אשר ידבר הנביא בשם יקוק ולא-יהיה הדבר ולא יבוא הוא הדבר אשר לא-דברו יקוק בזדון דברו הנביא לא תגור ממנו
That which a “prophet” says in the name of Hashem, which doesn’t come true or does not occur, that is something that Hashem did not speak; this “prophet” spoke with iniquity, do not fear him
The Torah tells us that there will come a day when charlatan prophets will come and try to speak in the name of G-d. They will present miracles and wonders and predict the future. It is a capital crime to be a false prophet, and we are not to be swayed by their tricks. How can we tell if they are a charlatan, or the real deal? The Torah gives us the litmus test: if they predict something will occur, and it doesn’t, then we’ll know for sure that they are a false prophet.
However, it’s not so simple. The Rambam teaches us that this only applies to a positive prediction. If the “prophet” says something good will happen, and it doesn’t, we know that they are lying. On the other hand, if they prophesize something negative will happen, like a death or calamity, and it doesn’t happen, that’s not an indication of their sincerity. Hashem is slow to anger, and very patient. Often times a person is deserving of a certain punishment, and the prophet is told that it will occur. Then, the subject repents, and Hashem delays or even alleviates punishment. Perhaps this is why the prophecy didn’t come true, even though we are dealing with a true prophet.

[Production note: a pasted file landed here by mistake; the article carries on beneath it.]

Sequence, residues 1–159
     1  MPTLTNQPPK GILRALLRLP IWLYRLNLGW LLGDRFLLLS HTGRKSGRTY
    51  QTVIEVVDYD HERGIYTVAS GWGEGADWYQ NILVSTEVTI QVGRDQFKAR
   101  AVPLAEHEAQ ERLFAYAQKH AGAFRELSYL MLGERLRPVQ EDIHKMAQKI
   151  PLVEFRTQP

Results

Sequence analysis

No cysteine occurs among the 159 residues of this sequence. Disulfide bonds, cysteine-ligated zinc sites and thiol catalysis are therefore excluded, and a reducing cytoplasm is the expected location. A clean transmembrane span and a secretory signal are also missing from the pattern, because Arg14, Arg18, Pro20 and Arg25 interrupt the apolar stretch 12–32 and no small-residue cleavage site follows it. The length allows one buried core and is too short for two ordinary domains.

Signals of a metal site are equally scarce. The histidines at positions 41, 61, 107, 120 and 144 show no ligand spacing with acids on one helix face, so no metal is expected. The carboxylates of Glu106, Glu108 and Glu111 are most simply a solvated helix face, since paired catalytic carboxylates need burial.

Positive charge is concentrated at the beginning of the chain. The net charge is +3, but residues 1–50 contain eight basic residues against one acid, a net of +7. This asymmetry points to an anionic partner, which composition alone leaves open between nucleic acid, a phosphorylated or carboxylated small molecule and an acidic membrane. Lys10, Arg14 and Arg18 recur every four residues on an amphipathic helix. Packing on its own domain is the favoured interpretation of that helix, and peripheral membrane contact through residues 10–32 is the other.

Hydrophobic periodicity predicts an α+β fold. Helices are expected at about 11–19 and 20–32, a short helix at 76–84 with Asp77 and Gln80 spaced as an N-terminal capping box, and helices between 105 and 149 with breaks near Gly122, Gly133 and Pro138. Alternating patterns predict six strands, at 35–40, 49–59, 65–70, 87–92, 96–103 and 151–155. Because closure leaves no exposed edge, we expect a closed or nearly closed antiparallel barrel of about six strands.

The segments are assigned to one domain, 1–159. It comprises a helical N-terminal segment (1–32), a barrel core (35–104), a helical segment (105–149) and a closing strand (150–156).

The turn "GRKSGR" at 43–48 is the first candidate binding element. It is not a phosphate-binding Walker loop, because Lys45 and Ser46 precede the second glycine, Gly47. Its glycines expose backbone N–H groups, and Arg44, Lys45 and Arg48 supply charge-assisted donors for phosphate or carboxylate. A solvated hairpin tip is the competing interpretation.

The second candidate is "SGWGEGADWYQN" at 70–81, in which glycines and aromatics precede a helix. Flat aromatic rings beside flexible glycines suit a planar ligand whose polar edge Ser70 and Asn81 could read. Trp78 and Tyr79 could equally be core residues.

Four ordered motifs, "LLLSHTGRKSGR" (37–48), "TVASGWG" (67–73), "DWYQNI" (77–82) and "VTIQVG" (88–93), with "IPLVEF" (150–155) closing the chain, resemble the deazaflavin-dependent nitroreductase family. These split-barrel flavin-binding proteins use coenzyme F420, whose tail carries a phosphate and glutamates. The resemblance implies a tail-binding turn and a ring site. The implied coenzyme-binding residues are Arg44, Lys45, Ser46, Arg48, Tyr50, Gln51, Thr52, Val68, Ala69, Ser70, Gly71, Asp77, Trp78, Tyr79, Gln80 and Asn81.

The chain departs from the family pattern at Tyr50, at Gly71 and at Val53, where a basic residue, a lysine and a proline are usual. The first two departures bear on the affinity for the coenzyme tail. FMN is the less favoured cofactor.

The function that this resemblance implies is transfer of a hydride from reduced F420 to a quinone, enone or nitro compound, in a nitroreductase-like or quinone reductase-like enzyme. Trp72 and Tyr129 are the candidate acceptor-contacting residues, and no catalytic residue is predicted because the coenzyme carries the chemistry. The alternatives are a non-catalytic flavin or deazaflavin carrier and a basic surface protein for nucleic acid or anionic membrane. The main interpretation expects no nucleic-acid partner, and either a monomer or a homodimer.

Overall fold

Where is any of this alluded to in our parsha? It simply says that if the prophecy doesn’t come true, this person is a charlatan. The Torah proscribes execution for someone who claims to come in the name of Hashem, and this is the test. If what they say doesn’t come true, we know they are lying. It sounds like in all cases. Is there some indication to the Rambam’s limitation of this test?
One possibility is it’s alluded to in the words בשם יקוק, in the name of Hashem. We are taught that Hashem only associates His name with something good. The Torah says that the “prophet” is speaking in Hashem’s name. It must be then referring to a prophecy for the good. If his prophecy doesn’t come true, then we know for sure that he’s a charlatan. He’s a false prophet, and is to be punished. This is unlike a prophet that speaks about something negative occurring. Even if it doesn’t, that’s not proof of anything. Perhaps Hashem is patient, or has forgiven the person.
 Based on Ta’amah D’Krah to Deuteronomy 18:22, by Rav Chaim Kanievsky shlita
 Deuteronomy loc. cit.
 Mishneh Torah Hilchos Yesodei HaTorah 10:4
 Midrash Tanchuma Tazria § 9, brought by Tosafos to Ta’anis 3a s.v. ואילו